First, his brothers wanted to kill him but instead they threw him in a pit and sold him into slavery, telling their father, he had been killed.  Then as time went on God provided.  Later in Joseph’s life, he was imprisoned on false charges.  Finally, when the Pharaoh had bad dreams and grew very worried and despondent, he asked if there was anyone who could interpret his dream.  Joseph was let out of prison to do this.  There would be 7 years of plentiful harvests followed by 7 years of no or very little harvest and a great famine in the land would occur.  It was Joseph who told the king of his plan to store grain in the times of bumper crops so that there would be enough to feed everyone during the years when the crops fail.  So Joseph was chosen to be in charge of this.

Joseph had learned to trust God and to do his will.  He did this throughout his life, in time of trouble and also when he was the second in command under the king.  That is our message for today.  We must trust God in all times.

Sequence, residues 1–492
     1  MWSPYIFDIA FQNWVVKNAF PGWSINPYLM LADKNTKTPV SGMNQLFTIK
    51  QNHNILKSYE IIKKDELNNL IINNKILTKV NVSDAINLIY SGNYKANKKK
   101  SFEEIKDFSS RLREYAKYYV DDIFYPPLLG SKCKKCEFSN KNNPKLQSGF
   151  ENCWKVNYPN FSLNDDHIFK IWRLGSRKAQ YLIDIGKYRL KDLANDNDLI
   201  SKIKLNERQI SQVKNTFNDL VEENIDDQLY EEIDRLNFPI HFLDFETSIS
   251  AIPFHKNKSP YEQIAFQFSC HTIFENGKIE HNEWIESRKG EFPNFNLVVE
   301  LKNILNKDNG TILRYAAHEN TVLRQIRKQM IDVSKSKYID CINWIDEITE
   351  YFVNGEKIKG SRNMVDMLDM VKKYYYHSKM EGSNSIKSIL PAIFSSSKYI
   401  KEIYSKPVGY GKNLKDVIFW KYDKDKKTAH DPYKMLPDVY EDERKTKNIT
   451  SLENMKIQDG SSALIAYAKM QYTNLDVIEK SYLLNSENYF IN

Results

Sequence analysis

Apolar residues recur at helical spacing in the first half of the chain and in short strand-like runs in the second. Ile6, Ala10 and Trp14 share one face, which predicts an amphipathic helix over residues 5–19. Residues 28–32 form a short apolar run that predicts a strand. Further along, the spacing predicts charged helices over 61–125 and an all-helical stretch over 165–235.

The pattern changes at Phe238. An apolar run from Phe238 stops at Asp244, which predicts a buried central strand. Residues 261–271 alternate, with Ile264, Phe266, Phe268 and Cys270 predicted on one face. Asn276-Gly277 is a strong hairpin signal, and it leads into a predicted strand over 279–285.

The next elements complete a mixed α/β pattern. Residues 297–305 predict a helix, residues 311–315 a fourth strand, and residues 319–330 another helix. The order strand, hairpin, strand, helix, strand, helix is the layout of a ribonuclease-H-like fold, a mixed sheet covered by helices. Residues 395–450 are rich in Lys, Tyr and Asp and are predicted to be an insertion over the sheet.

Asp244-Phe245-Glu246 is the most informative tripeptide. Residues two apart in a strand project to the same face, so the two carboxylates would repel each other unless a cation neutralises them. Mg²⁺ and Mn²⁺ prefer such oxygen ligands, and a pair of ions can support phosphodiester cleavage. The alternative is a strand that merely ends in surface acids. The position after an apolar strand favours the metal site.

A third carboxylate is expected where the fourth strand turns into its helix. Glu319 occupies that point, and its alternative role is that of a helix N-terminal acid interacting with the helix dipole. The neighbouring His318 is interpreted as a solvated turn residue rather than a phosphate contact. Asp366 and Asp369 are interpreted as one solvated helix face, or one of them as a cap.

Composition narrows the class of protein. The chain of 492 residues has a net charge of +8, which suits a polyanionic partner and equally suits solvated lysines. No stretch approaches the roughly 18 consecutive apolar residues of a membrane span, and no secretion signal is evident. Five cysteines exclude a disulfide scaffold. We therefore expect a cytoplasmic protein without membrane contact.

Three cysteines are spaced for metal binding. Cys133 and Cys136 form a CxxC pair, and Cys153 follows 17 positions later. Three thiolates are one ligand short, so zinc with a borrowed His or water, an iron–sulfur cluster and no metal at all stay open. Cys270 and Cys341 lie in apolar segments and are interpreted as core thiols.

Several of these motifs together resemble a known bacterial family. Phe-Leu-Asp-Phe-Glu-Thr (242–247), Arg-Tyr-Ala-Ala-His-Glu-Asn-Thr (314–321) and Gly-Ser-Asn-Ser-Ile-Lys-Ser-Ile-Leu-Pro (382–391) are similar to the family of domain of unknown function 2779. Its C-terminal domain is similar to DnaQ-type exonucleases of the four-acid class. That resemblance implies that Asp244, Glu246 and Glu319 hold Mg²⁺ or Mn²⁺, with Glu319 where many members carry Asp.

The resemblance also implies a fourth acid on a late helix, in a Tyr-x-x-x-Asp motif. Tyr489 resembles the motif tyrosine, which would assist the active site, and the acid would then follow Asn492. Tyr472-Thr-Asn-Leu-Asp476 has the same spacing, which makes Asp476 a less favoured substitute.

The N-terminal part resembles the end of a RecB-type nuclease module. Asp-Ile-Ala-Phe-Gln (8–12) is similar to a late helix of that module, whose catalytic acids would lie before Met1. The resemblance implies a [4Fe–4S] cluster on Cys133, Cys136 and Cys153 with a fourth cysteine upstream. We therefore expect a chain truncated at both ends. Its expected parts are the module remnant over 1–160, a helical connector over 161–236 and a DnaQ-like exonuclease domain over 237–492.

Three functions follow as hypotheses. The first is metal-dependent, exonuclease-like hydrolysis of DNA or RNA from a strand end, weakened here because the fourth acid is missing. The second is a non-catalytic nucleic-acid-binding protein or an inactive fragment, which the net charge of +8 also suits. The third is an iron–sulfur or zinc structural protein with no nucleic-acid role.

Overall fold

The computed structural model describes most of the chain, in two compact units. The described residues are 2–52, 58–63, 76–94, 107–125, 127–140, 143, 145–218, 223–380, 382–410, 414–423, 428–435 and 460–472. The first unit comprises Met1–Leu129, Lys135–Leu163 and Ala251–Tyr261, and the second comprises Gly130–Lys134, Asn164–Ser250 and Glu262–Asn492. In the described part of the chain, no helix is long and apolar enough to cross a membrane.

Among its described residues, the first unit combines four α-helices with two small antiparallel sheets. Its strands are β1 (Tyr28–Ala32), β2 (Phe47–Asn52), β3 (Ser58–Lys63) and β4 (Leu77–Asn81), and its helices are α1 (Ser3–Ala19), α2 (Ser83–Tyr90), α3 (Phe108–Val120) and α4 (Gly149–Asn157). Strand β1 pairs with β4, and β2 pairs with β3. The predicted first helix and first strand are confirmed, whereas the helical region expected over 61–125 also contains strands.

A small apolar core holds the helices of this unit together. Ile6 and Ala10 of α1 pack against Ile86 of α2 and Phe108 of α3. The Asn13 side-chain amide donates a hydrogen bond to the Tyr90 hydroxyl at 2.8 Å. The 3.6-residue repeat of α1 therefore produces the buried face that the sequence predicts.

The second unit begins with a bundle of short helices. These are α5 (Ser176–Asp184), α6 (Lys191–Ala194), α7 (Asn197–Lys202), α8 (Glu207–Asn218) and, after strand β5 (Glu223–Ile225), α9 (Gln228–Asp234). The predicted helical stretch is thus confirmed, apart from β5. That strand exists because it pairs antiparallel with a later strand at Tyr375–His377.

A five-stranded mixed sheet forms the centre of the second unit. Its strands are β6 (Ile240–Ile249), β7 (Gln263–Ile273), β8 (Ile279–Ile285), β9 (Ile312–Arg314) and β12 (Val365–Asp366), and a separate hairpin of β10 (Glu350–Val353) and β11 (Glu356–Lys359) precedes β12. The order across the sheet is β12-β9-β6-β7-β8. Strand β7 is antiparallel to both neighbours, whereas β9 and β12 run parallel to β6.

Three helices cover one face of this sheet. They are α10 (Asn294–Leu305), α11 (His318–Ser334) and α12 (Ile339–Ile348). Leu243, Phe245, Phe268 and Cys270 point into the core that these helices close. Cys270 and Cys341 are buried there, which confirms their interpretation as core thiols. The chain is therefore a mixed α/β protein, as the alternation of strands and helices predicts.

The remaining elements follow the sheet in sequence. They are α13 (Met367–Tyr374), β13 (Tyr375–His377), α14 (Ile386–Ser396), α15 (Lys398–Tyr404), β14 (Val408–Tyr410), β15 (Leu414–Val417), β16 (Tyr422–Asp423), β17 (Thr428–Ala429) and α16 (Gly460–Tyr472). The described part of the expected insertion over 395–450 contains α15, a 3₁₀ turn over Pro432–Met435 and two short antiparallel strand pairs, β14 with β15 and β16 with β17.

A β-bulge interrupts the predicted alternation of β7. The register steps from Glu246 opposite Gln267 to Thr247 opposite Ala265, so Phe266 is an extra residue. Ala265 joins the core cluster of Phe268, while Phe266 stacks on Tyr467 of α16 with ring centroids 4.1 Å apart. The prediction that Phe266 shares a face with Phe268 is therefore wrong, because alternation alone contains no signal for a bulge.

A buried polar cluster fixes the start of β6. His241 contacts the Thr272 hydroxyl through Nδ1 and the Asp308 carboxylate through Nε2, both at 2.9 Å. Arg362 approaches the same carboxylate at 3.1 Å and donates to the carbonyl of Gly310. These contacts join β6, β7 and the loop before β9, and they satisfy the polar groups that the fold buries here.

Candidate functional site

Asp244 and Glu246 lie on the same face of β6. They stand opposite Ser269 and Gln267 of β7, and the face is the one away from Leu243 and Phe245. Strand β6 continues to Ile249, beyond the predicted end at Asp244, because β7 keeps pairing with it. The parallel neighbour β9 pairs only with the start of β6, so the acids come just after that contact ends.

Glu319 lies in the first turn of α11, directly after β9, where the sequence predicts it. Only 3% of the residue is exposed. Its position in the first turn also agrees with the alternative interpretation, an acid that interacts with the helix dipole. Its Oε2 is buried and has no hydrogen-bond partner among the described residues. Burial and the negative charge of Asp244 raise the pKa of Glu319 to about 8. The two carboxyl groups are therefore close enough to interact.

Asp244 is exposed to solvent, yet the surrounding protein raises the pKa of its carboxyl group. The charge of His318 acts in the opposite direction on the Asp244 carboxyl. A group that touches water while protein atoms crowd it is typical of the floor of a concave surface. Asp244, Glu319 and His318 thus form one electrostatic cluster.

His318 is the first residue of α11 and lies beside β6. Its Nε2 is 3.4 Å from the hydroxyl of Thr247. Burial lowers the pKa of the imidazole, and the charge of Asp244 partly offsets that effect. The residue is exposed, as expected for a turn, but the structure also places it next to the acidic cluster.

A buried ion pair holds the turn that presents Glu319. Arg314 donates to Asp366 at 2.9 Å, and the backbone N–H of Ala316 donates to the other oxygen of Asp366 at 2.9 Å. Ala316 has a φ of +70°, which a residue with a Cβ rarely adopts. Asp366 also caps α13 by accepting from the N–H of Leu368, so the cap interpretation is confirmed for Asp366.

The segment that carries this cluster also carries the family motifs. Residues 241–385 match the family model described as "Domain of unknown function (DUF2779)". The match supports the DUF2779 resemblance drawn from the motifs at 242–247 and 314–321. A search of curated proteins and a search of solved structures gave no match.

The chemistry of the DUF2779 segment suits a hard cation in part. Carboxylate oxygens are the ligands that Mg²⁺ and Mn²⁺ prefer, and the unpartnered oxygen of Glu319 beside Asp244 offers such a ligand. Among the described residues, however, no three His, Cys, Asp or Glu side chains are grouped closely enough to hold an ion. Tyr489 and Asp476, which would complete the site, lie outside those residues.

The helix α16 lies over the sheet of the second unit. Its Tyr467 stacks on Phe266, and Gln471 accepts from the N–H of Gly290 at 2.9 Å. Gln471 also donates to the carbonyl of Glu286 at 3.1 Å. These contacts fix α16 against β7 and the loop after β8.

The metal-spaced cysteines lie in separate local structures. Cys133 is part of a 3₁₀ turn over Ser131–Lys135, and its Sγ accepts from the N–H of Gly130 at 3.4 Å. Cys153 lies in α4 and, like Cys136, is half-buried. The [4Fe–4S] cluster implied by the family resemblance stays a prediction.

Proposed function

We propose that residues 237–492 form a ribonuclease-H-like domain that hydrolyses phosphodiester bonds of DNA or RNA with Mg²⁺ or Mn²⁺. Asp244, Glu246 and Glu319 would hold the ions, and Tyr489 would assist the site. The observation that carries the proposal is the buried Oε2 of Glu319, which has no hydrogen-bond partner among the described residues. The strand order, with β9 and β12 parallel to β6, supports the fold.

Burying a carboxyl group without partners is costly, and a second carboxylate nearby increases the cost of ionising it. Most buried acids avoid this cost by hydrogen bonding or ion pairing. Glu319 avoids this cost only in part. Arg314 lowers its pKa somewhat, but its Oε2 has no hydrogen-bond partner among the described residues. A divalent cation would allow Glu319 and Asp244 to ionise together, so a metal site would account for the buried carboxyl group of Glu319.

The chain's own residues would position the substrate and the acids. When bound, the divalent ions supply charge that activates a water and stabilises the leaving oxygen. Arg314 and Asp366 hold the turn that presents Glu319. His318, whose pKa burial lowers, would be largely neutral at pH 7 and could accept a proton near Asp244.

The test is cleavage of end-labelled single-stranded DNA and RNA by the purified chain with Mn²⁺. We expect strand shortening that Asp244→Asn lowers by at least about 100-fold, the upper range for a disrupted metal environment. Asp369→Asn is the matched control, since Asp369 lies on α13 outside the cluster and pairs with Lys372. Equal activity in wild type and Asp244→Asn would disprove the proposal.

Now let’s look at the woman in our gospel.  This story takes place in the region of Tyre and Sidon which was a Canaanite territory.  A woman from that territory came to Jesus, crying out, ‘Lord, Son of David, have mercy on me!  My daughter is demon-possessed and suffering terribly.”  We don’t have other details about the daughter.  Perhaps she suffered seizures from epilepsy.  If you have ever seen someone who is having a seizure, you know how scary it can be. Imagine what that might have been like in pre-scientific times.

What we usually think Jesus’ reaction might be was not what it was here.  He did not even respond at all.  Seems very out of character, doesn’t it?  His disciples certainly did not want to have anything to do with his woman and urged Jesus to send her away.

Then, as if things could not get any worse, Jesus turns to the woman and says, “I was sent only to the lost sheep of Israel.”

This is a quotation that scholars have researched and discussed for 2,000 years. Why did Jesus respond in that way?  One theory is that when Christ came into the world he totally emptied himself and became as we are.  That is, as a child and as a youth, he grew in his understanding of his relationship to God as he grows up and that understanding continued to grow even as he went about this ministry.

Maybe at this stage of his ministry, he believed that he had been sent only to the Jewish community.  Maybe this Canaanite woman was sent to him by God, the Father, to show him that he had come not for Jews only, but for the salvation of the entire world.